Where to begin with Grizzly Bear? A brief primer for the uninitiated: In 2004, Ed Droste released Horn of Plenty, a worryingly good gem of a bedroom-solo-release, and then enlisted Chris Taylor, Chris Bear and Daniel Rossen to become a four-piece and make two of the better records of last decade, Yellow House in 2006 and Veckatimest in 2009. Chances are you caught the GB fever the moment you heard the first four notes of “Two Weeks,” and you’ve been on constant simmer since, until your temperature spiked with this summer’s two singles, “Sleeping Ute” and “Yet Again.” Let’s just say they were really good. And so here we are: hype, buzz, anticipation, expectation, pressure: thy name is Shields.
And with good reason. Veckatimest was a notable peak in the unending mountain range of indie rock releases; like a bunch of master watchmakers, Grizzly Bear labored, layered and tinkered with minutiae until they had a seminal record on their hands. The album wasn’t without its detractors (in a rare moment of being utterly wrong, Chuck Eddy called “Two Weeks” “hookless, gutless, grooveless, shapeless” at the Singles Jukebox), but the praise drowned out the naysayers. Fascination, wonderment – those are the targets Grizzly Bear aim for with their weird blend of chamber pop, jazz drifts, prog noise and vocal harmonies. No one does it better.
And that’s what makes “Sleeping Ute,” the opening track on Shields, such a huge statement for the band, and for Droste and Rossen in particular, who steadily edged away from “On a Neck, On a Spit” until the guitar became just another texture. “Sleeping Ute” downright rocks in a way I didn’t think Grizzly Bear could rock; it synthesizes an apparently latent love of the riff with the little intricacies we expect, like synth undercurrents and noise fills that crop up here and there. Chris Bear was always more of a gymnastic percussionist, but here, he attacks his cymbals like Patrick Carney circa Thickfreakness. “Yet Again,” too, sees Bear pummel along under surprisingly full-throated guitarwork from Droste and Rossen. Harmonies accompany the fills in standard fashion, but for the last minute, it’s crashing guitar-and-drums, the closest thing Grizzly Bear have come to aggression in a song. Those two exciting tracks prime you for what you hope will be Grizzly Bear getting their long-needed rock-and-roll on for ten glorious tracks.
Which, well, doesn’t exactly happen. There’s another semi-rocker in “Speak in Rounds,” which is more like an afterword to “Southern Point” (the pre-chorus acoustic shuffle is eerily similar) and really only gets into high gear when Rossen’s rasp takes over from Droste’s warmer voice. The song ends at a full sprint before drifting into the wisps of “Adelma,” one of those dreamy, ultimately meaningless minute-long tracks that thoughtful bands toss in sometimes to show off their arty chops. You could find merit in the ambience, but it’s really more an unneeded lacuna: Without it, we’d have three of the best Grizzly Bear tracks to date in breathless sequence.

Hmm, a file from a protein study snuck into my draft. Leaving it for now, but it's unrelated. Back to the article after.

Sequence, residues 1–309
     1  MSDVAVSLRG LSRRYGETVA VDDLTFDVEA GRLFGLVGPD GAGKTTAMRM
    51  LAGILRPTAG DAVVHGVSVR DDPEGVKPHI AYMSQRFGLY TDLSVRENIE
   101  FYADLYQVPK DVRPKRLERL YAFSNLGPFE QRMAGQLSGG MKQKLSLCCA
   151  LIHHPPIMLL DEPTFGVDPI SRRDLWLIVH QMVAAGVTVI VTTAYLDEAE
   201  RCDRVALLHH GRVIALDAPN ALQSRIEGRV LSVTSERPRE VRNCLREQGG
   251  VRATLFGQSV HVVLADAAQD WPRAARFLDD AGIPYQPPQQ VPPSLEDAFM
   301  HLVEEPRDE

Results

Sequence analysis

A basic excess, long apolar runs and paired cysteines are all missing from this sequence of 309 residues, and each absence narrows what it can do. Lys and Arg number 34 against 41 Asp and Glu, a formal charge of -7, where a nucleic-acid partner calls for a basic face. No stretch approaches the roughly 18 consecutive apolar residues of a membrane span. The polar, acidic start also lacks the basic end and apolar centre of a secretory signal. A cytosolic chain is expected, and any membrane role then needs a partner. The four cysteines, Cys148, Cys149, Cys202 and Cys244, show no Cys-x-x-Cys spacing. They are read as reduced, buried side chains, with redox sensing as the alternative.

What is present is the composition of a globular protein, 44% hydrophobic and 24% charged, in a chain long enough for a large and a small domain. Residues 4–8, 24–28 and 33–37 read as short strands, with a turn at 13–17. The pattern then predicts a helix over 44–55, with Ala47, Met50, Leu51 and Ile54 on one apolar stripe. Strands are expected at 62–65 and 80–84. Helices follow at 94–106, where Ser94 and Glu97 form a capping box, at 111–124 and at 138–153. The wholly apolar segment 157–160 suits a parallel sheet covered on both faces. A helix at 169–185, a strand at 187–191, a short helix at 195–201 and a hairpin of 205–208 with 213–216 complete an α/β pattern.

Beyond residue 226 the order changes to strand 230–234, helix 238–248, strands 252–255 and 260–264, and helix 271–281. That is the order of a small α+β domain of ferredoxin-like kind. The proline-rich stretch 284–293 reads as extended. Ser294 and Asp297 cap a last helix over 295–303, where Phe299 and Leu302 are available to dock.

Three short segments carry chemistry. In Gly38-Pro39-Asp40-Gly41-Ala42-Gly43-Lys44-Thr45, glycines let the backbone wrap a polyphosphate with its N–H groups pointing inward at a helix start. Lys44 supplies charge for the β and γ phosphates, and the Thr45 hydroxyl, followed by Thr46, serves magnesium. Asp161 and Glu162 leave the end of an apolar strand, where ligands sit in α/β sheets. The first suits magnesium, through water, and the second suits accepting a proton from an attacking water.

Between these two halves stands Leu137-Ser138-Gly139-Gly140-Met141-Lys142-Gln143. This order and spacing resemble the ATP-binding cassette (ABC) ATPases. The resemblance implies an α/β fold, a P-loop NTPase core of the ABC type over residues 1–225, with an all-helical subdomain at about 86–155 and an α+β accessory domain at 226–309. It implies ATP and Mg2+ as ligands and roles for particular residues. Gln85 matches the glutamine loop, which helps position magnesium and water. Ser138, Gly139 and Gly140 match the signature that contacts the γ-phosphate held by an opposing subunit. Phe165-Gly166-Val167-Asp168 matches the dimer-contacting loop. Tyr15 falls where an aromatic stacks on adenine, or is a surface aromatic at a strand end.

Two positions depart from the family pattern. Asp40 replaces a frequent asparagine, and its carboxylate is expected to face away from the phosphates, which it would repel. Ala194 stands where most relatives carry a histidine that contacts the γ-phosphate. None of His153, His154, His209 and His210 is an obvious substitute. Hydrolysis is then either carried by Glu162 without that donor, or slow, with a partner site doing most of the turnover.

Either way, there’s a bit of a mid-disc valley; Shields is decidedly front- and back-loaded. “A Simple Answer” is pure Grizzly Bear craft, down to the calliope keys and Rossen’s pathos-laden lyrics: “Soldier on, but please not so long / this time.” But it’s not till the uneasy cello pulls of “Half Gate” and the pause-and-crescendo, massive synth catharsis of closer “Sun In Your Eyes” that you’re reminded why Grizzly Bear were and are some of our very best musicians. In that last track, Droste repeats “It overflows / it overflows / it always runs” before Rossen answers “So bright / so long / I’m never coming back.” It feels like the sum total of the band’s lifespan, like they’ve touched their aesthetic nirvana, the grizzliest Grizzly Bear can be.
The oversimplified but no-less-burning question on your mind remains: Is Shields as good as Veckatimest? The short answer is no. Several songs here deserve placement on the inevitable best-of comp, and “Sleeping Ute” and “Yet Again” are two of 2012’s better songs; they stand head and shoulders above most of the album and above a lot of the music you’ve heard this year. More importantly, they’re Grizzly Bear’s first expedition into what is, for them, the terra incognita of bluesier strains; they augured, we had hoped, an adventurous structural shift. Conservative, instead, describes Shields: Veckatimest authorized it to be far bolder. You yearn for what could’ve been.